Russian military procurement policy is an obvious focus of what you read here, and there’s lots to write about on this score lately – the GPV, defense budget, OPK modernization and innovation, etc. It’s not possible to capture it all at once. Here’s a start, and hopefully it will lead to broader insights later.
Writing for his latest project – the Center for the Analysis of the World Arms Trade (TsAMTO or ЦАМТО), Igor Korotchenko addressed what the new GPV might buy. His article was picked up by VPK.name, and then a somewhat truncated version ran in Nezavisimoye voyennoye obozreniye. He uses the 22 trillion ruble figure rather than the 19 trillion for the armed forces specifically. Not that it matters since it’s a wag at best anyway.
In his first broad swipe, Korotchenko forecasts that Russia will buy 500 new aircraft, 1,000 helicopters, and 200 air defense systems among other arms and equipment over the 2011-2020 period. He admits, even with a fairly generous procurement budget [if approved and fully disbursed every year], it will be impossible to buy everything each service and branch will need after 20 years of very small-scale procurement.
And this is exactly, of course, the point that Popovkin’s deputy, General-Lieutenant Oleg Frolov was making when he argued for 36 trillion . . . .
So, they can’t have everything and will have to prioritize. Korotchenko gives it a whack, maybe not satisfactory, but it’s a start:
- Strategic nuclear forces;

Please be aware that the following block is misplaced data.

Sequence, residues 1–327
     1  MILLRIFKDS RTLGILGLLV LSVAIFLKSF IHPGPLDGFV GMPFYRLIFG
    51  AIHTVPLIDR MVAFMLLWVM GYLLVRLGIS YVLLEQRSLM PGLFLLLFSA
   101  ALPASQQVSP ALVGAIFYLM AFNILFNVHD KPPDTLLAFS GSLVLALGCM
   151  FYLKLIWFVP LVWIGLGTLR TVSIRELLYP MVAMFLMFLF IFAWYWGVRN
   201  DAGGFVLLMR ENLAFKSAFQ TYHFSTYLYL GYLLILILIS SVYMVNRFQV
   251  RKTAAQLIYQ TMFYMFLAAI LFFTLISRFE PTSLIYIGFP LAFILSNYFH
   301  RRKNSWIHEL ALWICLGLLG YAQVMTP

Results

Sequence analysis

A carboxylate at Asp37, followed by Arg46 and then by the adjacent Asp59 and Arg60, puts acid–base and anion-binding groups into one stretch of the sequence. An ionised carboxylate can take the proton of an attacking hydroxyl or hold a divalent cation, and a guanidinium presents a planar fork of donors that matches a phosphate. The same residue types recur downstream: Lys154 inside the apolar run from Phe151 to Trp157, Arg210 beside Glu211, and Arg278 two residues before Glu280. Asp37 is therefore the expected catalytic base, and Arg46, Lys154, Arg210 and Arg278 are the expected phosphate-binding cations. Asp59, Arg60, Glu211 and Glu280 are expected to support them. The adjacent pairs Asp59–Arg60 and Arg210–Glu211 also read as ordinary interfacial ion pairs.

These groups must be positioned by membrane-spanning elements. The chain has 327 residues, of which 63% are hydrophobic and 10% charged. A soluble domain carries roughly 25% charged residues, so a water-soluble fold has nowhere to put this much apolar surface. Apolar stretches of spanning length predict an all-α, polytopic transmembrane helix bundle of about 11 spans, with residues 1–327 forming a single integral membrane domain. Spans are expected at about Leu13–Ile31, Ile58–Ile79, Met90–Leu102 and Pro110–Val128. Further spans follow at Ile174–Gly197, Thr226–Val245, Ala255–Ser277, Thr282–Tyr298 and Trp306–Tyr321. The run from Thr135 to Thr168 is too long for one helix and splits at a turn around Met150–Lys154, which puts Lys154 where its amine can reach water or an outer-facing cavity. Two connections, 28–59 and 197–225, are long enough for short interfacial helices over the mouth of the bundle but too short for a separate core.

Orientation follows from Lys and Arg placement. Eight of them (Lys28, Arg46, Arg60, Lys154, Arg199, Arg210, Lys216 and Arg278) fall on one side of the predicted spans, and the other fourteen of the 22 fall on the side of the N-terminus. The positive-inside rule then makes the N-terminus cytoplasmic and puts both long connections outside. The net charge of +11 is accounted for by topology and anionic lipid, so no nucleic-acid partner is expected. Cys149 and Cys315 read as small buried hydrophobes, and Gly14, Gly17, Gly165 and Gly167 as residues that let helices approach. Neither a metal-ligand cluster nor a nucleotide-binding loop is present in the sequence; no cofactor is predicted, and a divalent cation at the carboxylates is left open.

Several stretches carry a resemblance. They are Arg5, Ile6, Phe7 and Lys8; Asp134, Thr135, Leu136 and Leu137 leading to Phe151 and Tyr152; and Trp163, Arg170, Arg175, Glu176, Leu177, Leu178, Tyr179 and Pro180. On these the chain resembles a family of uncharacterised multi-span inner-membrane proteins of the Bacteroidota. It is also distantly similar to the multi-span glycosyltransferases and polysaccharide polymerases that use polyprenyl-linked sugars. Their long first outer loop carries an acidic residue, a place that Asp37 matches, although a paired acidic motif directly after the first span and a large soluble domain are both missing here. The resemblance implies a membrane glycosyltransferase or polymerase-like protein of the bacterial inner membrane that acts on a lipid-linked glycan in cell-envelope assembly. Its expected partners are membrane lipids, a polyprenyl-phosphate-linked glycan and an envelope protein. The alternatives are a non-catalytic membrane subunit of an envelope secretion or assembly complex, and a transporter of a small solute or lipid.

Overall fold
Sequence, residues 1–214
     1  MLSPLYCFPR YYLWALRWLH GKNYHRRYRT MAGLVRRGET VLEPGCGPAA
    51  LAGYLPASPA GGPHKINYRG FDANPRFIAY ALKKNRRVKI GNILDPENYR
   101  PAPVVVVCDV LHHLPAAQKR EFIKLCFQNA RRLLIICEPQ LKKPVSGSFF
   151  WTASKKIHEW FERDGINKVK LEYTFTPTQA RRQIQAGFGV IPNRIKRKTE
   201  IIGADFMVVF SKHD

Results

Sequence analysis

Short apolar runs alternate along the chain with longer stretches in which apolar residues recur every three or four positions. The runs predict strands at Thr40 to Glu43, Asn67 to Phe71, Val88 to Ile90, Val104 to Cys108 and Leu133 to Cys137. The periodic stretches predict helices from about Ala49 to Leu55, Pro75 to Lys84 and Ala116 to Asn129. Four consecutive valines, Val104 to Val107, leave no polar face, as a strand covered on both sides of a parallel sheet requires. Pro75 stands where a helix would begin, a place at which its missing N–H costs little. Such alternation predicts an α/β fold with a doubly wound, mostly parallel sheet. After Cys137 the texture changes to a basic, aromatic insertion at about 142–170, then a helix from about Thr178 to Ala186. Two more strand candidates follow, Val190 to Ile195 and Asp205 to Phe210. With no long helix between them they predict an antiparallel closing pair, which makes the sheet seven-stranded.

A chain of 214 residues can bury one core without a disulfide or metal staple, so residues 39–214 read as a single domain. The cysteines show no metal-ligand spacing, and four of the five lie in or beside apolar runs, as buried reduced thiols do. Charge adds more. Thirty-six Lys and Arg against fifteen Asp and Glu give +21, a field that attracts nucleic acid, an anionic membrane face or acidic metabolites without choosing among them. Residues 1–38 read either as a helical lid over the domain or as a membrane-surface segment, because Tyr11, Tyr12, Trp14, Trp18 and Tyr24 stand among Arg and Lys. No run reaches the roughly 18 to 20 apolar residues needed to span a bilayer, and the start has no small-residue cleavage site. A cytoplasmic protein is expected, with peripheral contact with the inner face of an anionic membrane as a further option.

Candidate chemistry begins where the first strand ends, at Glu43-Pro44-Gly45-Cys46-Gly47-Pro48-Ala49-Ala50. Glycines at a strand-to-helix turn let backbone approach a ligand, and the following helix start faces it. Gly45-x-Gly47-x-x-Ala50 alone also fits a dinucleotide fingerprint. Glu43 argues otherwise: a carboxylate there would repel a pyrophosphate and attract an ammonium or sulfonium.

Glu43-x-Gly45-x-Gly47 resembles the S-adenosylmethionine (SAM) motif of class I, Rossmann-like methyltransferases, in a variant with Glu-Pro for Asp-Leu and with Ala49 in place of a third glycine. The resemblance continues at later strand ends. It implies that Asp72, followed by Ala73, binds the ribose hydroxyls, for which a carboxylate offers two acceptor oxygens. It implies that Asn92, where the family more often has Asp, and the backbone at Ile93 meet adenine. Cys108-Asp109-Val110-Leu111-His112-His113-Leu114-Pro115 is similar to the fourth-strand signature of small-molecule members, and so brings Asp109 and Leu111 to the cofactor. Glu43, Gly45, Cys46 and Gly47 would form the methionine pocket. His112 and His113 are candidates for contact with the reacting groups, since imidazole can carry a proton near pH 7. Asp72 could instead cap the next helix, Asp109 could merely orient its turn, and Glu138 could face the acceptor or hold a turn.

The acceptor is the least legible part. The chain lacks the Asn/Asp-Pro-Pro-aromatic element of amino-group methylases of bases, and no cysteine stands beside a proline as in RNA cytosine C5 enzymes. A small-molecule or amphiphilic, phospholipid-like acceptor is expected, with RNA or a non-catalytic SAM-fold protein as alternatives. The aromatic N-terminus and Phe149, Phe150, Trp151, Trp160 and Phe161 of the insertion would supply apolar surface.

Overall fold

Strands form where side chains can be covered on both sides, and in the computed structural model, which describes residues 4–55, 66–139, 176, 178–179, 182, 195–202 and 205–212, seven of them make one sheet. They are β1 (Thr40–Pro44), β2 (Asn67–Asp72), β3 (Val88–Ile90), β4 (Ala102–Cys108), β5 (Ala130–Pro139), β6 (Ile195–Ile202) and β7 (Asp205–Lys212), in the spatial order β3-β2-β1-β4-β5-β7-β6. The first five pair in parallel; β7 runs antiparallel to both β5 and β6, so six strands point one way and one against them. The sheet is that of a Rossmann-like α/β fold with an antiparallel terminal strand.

- Precision-guided weapons;
- Automated command and control systems (ASU);
- Air and missile defense (PVO / PRO).
Korotchenko doesn’t talk specifics about his first two priorities. On the third, he calls for a unitary military C2 system to enable Russian netcentric warfare. On aircraft, he somewhat surprisingly emphasizes transport aircraft to move Russia’s million-man army between strategic axes as needed. And Korotchenko lists PVO / PRO without further commentary.
He supports efforts to overcome Russia’s lag in UAVs, ships, individual protective equipment and soldier systems, and armored vehicles through cooperation with Israel, France, Germany, and Italy.
Then Korotchenko turns back to aircraft, saying they are the thing that will indicate what kind of armed forces Russia will have in 2020. Based on what’s been said publicly, he counts:
- An-124 Ruslan — 20
- An-70 — 50
- Il-476 — 50
- Il-112B — ??
- Su-35S — 48
- Su-27SM — 12
- Su-30MK2 — 4
- PAK FA — 60
- Su-34 — 32, possibly 60-80 more
- Su-25UBM / Su-25TM — 10, possibly 20 more
- MiG-35 — 30
- MiG-29SMT / MiG-29UB — 20-30
- MiG-29K / MiG-29KUB –26, possibly 22 more
- Yak-130UBS — 120
- New airborne early warning aircraft — 2-3
- Be-200PS — 8-10
In all, he summarizes, about 500-600 aircraft by 2020.
Korotchenko doesn’t talk money, so we’ll have to think about what this would cost. In terms of what’s covered, he’s only talked only about RVSN and Air Forces’ requirements. You can be sure the Ground Troops, Navy, VDV, and Space Troops have their own lists. Maybe Korotchenko will address them.
Beyond what they say they need, there are two issues. Can they buy it all, or at least how much of it? And, second, can the OPK produce it? Korotchenko doesn’t get us too far into any of this.